Russia’s invasion of Ukraine provided a wake-up call for U.S. officials who should now recognize that if China has designs on Taiwan, “We have to look at this and say, ‘Hey, this could happen,’” said INDOPACOM’s commander Adm. John Aquilino.
Aquilino was among the Defense Department officials who appeared before the House Armed Services Committee on March 9 to answer questions about the circumstances in the region.
“We need to be more forward. We need to be more robust,” Aquilino said. That includes his top unfunded priority of a system for the defense of Guam.
China “is the most consequential strategic competitor that the United States has faced,” Aquilino said, and its government is willing to “uproot the rules-based international order to the benefit of themselves and at the expense of all others.”
HASC chair Rep. Adam Smith (D-Wash.) said the U.S. should “attempt to be a balancing force to keep the peace in Asia,” especially with regard to the independence of Taiwan.
“The belligerent language that China has been putting out recently is, you know, very, very dangerous,” Smith said. “We could easily see a China-Taiwan situation in the same way we now see a Russia-Ukraine situation.”
Aquilino, addressing the U.S. policy of strategic ambiguity toward Taiwan—of not saying whether the U.S. would defend it— said some people believe clarifying the policy would serve as a deterrent, “and there are some that would believe that it would be an accelerant.”
He perceived pros and cons to both, saying, “We ought to look very closely.”
At the same time, “trend lines” in regards to U.S. military ties with India “are moving in the right direction,” noted Ely Ratner, assistant secretary of defense for Indo-Pacific security affairs.
Smith wanted to know in part how the U.S. could strengthen its relationship with India and how the U.S. should adjust its activities in the Indo-Pacific.
“Russia and China, as we know, are actively engaged in many parts of the world,” Smith said. “The competition here really is to build broad support amongst partners … to show that partnering with the U.S. and the West is the better option for, frankly, all countries than partnering with Russia and China.”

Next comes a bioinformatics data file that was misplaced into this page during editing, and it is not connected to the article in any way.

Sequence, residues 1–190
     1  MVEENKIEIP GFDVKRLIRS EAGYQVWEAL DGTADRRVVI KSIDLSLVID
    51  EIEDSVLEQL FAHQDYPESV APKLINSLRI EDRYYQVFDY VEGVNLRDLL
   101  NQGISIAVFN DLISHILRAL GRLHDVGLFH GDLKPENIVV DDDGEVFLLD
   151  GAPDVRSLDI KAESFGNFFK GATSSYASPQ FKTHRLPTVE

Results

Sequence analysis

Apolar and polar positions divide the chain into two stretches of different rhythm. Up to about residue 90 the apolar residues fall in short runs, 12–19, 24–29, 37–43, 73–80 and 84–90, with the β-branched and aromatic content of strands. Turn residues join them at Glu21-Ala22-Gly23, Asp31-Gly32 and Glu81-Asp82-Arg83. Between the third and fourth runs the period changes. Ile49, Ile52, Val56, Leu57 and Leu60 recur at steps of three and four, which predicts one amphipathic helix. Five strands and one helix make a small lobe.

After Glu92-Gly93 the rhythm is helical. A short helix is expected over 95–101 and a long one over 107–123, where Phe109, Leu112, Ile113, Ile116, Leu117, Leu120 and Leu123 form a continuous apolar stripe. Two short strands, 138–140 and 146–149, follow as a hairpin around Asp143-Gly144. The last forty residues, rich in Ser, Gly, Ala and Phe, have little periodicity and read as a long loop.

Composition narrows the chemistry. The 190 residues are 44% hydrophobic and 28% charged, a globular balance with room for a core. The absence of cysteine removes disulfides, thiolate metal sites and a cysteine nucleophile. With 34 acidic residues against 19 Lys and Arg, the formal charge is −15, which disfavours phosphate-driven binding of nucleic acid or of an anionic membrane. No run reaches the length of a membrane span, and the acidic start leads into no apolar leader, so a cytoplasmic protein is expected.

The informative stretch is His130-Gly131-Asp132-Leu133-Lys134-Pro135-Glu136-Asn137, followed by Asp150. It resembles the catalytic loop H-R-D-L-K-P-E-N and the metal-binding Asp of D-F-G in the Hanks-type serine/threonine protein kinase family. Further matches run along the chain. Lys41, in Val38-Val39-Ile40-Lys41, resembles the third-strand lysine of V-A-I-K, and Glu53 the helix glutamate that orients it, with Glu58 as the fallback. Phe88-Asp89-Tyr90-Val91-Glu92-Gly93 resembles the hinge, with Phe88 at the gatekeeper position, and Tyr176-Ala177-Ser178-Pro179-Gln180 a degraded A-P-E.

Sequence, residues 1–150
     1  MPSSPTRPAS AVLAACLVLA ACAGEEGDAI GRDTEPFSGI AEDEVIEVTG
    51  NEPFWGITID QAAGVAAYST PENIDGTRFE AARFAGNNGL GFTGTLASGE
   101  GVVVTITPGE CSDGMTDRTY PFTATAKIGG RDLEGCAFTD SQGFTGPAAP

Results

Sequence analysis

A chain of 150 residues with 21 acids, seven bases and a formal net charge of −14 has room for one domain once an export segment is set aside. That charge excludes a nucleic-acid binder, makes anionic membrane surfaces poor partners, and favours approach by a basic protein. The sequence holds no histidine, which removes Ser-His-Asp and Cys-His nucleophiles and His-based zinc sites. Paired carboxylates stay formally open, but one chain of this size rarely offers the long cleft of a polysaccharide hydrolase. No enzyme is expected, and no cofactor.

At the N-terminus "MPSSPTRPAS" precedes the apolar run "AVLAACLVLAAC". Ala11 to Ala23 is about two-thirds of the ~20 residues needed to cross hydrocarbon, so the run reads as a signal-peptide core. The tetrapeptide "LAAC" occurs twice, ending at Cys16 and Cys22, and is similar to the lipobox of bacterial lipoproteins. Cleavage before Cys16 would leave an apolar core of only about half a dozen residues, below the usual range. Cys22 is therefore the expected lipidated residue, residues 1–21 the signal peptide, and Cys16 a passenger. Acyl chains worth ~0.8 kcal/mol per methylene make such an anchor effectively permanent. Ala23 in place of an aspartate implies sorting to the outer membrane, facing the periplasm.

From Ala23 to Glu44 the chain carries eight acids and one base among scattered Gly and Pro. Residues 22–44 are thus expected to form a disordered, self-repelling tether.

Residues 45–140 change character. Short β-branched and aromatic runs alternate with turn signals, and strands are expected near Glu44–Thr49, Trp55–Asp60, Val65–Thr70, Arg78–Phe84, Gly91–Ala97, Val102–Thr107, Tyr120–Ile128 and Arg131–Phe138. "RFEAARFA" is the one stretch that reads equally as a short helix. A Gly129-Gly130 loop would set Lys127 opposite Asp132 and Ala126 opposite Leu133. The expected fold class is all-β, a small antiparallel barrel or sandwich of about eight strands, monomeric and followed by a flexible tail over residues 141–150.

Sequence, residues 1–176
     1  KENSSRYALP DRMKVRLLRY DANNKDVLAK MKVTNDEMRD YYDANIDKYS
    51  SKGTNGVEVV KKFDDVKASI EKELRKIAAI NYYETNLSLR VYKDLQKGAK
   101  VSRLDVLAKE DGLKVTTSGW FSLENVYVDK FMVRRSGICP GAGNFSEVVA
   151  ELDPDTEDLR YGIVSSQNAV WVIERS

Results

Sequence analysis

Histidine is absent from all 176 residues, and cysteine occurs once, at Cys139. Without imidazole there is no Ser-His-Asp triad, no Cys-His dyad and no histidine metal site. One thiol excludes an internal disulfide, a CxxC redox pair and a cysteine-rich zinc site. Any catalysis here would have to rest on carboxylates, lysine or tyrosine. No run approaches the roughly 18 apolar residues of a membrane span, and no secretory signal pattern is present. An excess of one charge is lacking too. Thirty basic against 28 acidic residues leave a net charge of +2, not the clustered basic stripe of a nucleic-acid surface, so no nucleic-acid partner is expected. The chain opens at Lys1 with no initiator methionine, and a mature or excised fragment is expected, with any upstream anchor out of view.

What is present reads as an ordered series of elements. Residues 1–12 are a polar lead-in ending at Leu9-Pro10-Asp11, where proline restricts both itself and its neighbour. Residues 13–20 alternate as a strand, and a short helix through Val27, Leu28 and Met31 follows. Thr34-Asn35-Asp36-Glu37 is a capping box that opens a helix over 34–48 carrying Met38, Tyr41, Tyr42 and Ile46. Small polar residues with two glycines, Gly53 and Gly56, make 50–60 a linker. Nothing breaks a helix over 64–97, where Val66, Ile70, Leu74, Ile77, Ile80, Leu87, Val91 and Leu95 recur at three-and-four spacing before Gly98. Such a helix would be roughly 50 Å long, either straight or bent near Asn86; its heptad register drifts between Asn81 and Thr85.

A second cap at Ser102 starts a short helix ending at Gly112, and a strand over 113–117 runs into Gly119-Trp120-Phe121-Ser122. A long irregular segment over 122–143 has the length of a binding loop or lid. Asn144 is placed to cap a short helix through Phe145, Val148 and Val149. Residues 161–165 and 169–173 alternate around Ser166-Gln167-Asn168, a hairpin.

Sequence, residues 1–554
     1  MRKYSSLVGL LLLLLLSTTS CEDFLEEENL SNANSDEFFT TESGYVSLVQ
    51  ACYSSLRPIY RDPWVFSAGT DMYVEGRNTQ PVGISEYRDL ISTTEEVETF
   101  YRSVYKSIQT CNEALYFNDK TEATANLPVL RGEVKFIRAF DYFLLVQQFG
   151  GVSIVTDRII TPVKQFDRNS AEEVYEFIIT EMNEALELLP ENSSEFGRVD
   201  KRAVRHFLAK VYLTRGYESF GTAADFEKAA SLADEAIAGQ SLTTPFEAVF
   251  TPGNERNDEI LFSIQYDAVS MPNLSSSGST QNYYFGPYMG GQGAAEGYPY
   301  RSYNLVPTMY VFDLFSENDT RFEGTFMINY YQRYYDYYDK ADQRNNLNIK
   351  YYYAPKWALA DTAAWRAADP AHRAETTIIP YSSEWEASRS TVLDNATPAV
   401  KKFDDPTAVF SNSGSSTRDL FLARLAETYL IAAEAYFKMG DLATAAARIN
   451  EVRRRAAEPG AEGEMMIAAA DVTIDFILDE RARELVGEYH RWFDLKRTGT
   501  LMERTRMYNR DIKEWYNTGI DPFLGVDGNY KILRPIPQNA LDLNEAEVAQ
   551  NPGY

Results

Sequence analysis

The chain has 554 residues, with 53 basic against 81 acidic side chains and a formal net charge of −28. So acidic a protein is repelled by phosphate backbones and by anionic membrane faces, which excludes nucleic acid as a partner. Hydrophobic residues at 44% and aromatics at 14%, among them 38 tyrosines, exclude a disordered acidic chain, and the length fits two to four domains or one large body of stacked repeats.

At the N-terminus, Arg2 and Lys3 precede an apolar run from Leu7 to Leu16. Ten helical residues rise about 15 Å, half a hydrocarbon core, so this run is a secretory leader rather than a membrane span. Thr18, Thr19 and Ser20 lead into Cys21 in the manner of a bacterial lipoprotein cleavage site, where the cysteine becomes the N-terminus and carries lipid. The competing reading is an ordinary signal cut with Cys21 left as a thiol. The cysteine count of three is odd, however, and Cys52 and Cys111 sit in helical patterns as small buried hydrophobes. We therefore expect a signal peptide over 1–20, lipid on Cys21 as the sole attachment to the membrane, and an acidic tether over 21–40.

Ratner said the U.S. partnership with India is making “historic progress” despite India’s reliance on Russia for weapons. The U.S. and India “continue to integrate and operationalize our day-to-day defense cooperation and logistics, enhance information sharing, and grow our bilateral cooperation in emerging domains, such as space and cyberspace,” he added.
The U.S. is “doubling down” on its network of allies and partners in the Indo-Pacific, Ratner said. “With the U.S.-Japan alliance as the cornerstone of regional peace, we’re deepening our defense cooperation with the Japan Self-Defense Forces, optimizing our alliance force posture, and integrating the alliance into a broader regional security network of like-minded nations.”
Another priority Aquilino mentioned is “integrated and resilient, sustainable [intelligence, surveillance, and reconnaissance] capabilities—a network that links all of that together and displays it for all forces on the battlefield in a consistent way; and then ultimately the ability to close those kill chains with the correct weapons and fires.”
The “speed and pace” at which countries such as China, Russia, and even North Korea are developing hypersonic weapons are, in part, driving Aquilino’s desire to defend Guam.
In order to “be able to posture forces in places that matter with the right capabilities,” the U.S. military “focused on Guam as a strategic hub,” Aquilino said. “The area in the Indo-Pacific is expansive—half the globe and a lot of it water,” he explained. “About $11 billion worth of construction, as we work through our posturing of our forces, … will end up on Guam, and we have to protect it.”